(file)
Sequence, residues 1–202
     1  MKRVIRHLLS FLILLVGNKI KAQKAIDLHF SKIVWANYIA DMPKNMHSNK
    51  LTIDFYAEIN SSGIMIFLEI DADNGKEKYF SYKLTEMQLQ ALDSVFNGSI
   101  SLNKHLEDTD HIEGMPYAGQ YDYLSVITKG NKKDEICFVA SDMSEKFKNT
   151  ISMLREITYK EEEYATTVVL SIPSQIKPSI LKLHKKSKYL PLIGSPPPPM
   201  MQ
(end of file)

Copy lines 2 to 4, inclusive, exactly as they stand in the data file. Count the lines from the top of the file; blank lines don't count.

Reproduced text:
     1  MKRVIRHLLS FLILLVGNKI KAQKAIDLHF SKIVWANYIA DMPKNMHSNK
    51  LTIDFYAEIN SSGIMIFLEI DADNGKEKYF SYKLTEMQLQ ALDSVFNGSI
   101  SLNKHLEDTD HIEGMPYAGQ YDYLSVITKG NKKDEICFVA SDMSEKFKNT